Chris Bukowski says knew he was done with reality TV after he woke up in a Mexican hotel room with no recollection of what had happened the night before.
“I just drank so much,” he tells Business Insider. “I honestly didn’t remember my time there. That’s when I knew I had to be done with it.”
The “Bachelor” franchise alum had just left his second season of “Bachelor in Paradise” after one night.
The departure marked the culmination of a few rocky years of reality TV show appearances that Bukowski says nearly ruined his career — and his life.
After graduating from the University of Nevada-Las Vegas with a degree in hospitality management, Bukowski had kicked his career off working in sales, first for the New York Islanders and later for Front Row Marketing Services.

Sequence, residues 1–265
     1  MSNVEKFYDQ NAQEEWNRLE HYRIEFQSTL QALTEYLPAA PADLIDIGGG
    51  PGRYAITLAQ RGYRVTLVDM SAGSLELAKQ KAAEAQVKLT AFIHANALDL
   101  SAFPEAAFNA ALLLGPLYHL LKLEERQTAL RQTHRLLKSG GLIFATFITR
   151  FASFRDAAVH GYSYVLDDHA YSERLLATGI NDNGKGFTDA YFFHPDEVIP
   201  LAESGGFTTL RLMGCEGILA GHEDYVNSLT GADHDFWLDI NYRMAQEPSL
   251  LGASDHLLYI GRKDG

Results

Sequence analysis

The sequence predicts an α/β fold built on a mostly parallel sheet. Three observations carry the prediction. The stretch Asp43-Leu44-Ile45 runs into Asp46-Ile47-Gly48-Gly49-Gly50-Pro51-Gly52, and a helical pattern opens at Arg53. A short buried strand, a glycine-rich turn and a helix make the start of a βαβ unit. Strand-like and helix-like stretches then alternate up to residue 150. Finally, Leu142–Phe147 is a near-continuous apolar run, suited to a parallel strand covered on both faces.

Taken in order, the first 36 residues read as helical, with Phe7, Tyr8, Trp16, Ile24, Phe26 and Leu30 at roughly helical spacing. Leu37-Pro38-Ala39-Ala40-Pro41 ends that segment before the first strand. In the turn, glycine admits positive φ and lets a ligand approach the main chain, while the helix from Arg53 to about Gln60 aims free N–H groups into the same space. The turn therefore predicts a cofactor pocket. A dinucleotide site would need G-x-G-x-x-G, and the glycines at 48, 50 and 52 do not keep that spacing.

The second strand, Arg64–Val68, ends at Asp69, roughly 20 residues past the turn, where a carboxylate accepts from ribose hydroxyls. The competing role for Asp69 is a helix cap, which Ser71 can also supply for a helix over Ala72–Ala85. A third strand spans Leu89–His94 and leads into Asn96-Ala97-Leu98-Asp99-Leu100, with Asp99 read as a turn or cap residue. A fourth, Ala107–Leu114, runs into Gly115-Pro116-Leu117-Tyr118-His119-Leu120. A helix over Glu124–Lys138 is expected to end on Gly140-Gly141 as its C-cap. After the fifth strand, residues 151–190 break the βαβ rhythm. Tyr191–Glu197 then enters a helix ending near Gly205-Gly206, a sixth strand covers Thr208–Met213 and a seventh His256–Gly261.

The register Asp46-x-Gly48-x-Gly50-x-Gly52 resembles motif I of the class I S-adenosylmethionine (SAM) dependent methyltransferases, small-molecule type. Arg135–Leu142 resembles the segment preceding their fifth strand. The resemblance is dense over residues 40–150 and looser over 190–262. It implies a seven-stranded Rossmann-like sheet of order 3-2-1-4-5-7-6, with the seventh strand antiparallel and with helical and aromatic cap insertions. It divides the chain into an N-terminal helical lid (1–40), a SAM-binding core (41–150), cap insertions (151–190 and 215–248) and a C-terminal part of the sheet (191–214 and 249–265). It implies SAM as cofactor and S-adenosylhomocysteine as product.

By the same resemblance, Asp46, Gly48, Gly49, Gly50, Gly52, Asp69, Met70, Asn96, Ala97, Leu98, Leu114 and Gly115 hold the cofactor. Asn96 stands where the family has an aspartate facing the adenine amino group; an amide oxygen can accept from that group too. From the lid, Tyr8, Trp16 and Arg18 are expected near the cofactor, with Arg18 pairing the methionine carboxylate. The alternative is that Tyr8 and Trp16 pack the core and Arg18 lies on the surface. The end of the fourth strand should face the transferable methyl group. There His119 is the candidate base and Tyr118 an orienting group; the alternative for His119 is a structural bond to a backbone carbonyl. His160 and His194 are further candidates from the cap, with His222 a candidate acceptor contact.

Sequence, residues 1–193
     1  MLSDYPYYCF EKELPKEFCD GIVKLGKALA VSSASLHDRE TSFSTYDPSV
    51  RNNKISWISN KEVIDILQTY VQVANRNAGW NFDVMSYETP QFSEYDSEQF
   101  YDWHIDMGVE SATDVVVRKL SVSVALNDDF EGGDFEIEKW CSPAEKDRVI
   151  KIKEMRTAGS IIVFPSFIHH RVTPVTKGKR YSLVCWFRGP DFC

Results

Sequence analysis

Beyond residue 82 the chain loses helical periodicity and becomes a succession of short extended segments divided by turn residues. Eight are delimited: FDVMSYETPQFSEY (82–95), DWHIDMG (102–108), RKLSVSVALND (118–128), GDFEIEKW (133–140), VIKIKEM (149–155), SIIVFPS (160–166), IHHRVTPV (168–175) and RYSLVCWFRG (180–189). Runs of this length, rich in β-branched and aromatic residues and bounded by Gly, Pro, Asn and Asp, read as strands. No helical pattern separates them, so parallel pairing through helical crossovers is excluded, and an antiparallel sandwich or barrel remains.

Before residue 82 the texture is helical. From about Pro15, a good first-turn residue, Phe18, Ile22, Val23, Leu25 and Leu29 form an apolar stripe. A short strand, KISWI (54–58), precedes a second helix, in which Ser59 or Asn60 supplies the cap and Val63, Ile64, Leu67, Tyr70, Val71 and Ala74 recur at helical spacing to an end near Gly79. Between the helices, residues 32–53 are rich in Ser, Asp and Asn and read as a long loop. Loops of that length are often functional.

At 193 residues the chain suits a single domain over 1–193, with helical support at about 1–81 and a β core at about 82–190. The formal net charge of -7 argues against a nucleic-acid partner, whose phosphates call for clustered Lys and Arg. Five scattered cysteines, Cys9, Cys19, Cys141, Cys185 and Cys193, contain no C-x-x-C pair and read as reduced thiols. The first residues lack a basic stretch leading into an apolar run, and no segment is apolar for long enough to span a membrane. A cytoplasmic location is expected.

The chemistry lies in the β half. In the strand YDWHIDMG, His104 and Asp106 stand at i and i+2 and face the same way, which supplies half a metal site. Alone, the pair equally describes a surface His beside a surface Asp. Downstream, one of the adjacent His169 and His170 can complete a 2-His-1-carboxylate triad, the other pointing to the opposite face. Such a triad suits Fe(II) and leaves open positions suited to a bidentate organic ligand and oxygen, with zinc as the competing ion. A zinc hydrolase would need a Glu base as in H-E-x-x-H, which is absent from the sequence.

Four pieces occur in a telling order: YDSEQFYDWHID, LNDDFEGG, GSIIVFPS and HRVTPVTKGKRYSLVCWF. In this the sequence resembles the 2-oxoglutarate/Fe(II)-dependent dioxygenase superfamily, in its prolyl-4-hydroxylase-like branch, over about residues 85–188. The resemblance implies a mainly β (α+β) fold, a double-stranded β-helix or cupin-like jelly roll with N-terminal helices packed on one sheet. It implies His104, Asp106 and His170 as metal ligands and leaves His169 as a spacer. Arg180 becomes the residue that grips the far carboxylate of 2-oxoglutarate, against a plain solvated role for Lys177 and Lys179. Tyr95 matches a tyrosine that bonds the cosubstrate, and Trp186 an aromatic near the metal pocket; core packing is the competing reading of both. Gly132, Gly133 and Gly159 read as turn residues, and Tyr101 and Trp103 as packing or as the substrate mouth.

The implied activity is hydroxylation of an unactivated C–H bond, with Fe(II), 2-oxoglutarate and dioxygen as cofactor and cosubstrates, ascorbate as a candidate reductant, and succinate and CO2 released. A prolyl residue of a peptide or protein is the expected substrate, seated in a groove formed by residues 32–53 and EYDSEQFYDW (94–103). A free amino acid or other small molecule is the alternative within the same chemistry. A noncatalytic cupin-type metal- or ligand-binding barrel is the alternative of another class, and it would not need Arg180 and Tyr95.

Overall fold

“From a career side, I’m going to say I was doing better than 99% of the people my age,” he says. “I was really enjoying my job and I was doing well and making good money. I was only going up from there.”
Then, in 2012, he says he got an email from the casting department of “The Bachelorette,” a show he’d never watched. One of his friends had submitted him as a candidate for the show. With the support of his family, friends, and employers, he says decided to give it a shot. When he was selected as a contestant for the eighth season, he says his supervisors even gave him the time off to pursue the show. Bukowski ended up making it to week eight out of ten and was one of the final four contestants when he was eliminated.
As soon as he returned home, he received another opportunity, this time to appear on the third season of the spinoff series “Bachelor Pad.” The season would start shooting in four weeks, and he decided to quit his job. Unlike “The Bachelorette,” contestants on “Bachelor Pad” were paid — and given the chance to compete for $US250,000.